Monday, October 17, 2011

Review: The Oriental Wife

Louisa, Rolf, and Otto grow up as childhood friends in Germany. With Hitler's rise to power these Jewish children scatter: Rolf and Otto to America, and Louisa to Switzerland and England. Louisa is desperately seeking companionship, particularly male companionship, and she has a habit of attaching herself to men as the needy girlfriend.

When Louisa makes her way to New York she begins a relationship with Rolf, who has always been obsessed with his childhood friend. A seemingly needy Louisa suits Rolf just fine, but a health issue soon after their marriage leaves Louisa in a different state entirely. The book proceeds to examine how their marriage evolves. Character weaknesses come into full relief.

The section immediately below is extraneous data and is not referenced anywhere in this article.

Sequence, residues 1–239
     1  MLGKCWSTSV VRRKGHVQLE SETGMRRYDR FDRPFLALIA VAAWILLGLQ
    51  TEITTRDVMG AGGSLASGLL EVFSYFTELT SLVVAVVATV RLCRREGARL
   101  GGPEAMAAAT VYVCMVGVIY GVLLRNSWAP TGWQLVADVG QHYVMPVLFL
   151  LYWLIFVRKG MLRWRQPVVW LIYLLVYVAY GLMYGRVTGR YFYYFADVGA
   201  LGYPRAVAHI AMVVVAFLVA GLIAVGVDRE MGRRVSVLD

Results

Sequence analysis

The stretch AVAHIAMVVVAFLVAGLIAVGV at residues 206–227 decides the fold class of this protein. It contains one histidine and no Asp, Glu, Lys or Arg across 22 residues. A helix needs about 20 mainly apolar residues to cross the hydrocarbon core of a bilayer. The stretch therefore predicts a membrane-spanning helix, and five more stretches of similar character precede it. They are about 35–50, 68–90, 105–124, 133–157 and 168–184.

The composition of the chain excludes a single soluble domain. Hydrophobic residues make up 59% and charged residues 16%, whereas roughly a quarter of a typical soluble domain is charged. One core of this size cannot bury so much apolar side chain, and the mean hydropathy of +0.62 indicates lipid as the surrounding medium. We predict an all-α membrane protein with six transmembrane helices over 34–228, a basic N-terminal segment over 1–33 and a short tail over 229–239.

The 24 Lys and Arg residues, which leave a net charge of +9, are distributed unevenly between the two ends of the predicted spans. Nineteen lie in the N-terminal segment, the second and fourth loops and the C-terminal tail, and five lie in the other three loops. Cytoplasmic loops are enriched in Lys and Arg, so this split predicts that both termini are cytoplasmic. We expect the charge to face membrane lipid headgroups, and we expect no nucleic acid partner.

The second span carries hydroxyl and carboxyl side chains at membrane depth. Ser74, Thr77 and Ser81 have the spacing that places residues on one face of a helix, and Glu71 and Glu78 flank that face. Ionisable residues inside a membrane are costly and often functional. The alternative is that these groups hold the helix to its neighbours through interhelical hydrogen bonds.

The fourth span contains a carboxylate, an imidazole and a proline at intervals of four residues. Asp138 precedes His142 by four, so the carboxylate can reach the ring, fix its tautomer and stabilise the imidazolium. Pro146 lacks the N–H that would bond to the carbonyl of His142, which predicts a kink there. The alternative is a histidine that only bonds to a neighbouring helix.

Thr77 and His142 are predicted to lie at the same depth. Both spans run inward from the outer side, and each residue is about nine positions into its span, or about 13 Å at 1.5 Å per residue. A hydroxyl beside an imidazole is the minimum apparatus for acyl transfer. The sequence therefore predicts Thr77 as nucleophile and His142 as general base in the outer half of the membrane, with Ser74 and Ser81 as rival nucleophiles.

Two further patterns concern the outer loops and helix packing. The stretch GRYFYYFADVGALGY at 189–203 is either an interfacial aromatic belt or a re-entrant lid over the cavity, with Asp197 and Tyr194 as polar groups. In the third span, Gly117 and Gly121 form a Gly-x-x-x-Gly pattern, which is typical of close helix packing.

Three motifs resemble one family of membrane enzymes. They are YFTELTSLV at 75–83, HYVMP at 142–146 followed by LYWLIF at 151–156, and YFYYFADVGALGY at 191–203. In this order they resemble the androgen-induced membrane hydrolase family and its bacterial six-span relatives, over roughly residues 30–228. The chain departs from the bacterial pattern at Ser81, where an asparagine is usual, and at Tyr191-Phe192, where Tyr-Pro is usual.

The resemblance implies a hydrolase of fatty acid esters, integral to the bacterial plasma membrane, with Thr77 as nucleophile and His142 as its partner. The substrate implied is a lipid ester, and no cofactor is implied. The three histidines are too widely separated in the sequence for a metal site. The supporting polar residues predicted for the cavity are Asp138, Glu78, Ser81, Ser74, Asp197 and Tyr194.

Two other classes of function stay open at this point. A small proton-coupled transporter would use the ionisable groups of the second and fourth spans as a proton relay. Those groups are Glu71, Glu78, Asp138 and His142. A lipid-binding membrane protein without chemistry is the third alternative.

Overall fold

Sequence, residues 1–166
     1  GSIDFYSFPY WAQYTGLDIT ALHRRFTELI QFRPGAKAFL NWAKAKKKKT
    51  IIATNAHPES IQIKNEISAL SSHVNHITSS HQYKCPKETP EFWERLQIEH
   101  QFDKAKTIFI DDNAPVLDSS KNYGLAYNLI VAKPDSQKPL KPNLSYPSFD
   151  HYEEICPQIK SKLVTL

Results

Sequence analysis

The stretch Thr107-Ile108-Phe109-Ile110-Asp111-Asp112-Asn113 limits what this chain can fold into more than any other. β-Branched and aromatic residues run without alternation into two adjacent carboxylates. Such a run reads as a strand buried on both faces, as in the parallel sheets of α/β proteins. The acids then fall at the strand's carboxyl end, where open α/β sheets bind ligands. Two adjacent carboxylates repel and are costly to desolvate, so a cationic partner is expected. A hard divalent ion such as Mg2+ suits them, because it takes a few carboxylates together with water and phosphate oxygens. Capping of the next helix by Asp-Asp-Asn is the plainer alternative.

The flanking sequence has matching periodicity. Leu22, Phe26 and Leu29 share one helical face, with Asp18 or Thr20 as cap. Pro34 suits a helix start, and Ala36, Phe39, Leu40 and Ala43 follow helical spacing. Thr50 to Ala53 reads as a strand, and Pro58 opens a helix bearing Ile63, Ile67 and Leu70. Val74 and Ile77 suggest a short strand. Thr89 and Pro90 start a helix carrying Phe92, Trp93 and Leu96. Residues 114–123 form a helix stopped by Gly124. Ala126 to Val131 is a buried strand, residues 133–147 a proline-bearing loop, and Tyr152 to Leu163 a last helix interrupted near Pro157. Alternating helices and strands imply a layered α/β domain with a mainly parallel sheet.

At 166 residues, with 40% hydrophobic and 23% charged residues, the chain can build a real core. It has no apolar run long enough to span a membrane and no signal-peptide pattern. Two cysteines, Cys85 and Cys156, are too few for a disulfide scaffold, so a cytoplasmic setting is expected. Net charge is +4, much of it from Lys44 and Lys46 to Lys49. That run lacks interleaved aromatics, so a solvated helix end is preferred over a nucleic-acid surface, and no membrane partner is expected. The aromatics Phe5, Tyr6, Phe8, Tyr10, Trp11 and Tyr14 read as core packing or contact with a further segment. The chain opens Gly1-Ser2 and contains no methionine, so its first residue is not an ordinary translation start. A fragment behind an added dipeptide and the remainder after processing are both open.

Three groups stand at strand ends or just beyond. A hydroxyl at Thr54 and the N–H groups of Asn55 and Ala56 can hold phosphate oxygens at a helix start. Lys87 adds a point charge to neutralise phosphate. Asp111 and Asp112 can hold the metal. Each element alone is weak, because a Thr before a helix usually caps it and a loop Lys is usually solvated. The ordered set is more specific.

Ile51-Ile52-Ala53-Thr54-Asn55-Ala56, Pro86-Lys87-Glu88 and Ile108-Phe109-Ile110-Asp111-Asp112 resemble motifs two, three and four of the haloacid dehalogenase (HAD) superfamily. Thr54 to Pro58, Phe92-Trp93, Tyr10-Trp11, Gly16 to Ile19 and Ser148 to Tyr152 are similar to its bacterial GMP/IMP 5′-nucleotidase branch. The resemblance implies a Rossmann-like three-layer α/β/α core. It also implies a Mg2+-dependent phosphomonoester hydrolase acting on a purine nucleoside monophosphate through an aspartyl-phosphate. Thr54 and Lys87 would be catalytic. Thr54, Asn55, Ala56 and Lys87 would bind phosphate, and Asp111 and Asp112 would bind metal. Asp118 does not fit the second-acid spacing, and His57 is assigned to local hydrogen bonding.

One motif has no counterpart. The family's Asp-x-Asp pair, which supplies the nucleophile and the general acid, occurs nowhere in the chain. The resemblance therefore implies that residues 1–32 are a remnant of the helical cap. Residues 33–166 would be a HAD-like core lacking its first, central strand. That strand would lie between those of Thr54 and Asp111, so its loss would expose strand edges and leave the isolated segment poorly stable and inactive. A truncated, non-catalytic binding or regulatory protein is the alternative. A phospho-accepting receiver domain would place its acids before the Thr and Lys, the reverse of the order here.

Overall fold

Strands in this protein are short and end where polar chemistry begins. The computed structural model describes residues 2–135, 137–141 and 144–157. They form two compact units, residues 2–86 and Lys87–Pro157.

I found this book to be uneven. There were two things happening in the book which didn't seem to fit together. Louisa being a submissive wife was not all that closely tied to the accident and its aftermath. I enjoyed the first half of the book much more than the second. I also found the treatment of Nazi Germany to be uneven. It sometimes seemed incidental, even to characters who were trying to get family members out in the shadow of death camps.

Evelyn Toynton, The Oriental Wife (Other Press, 2011) ISBN: 1590514416

No comments: